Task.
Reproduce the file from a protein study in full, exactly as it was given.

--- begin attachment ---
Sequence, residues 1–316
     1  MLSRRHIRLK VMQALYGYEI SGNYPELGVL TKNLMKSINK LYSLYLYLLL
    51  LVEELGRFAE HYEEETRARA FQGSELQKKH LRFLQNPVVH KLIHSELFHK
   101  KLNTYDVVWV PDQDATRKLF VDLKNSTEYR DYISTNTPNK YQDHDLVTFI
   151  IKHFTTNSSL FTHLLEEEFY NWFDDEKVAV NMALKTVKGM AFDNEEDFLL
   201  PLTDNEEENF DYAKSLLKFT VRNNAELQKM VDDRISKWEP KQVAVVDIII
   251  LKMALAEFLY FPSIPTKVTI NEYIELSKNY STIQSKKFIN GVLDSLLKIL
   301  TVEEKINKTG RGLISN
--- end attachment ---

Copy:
Sequence, residues 1–316
     1  MLSRRHIRLK VMQALYGYEI SGNYPELGVL TKNLMKSINK LYSLYLYLLL
    51  LVEELGRFAE HYEEETRARA FQGSELQKKH LRFLQNPVVH KLIHSELFHK
   101  KLNTYDVVWV PDQDATRKLF VDLKNSTEYR DYISTNTPNK YQDHDLVTFI
   151  IKHFTTNSSL FTHLLEEEFY NWFDDEKVAV NMALKTVKGM AFDNEEDFLL
   201  PLTDNEEENF DYAKSLLKFT VRNNAELQKM VDDRISKWEP KQVAVVDIII
   251  LKMALAEFLY FPSIPTKVTI NEYIELSKNY STIQSKKFIN GVLDSLLKIL
   301  TVEEKINKTG RGLISN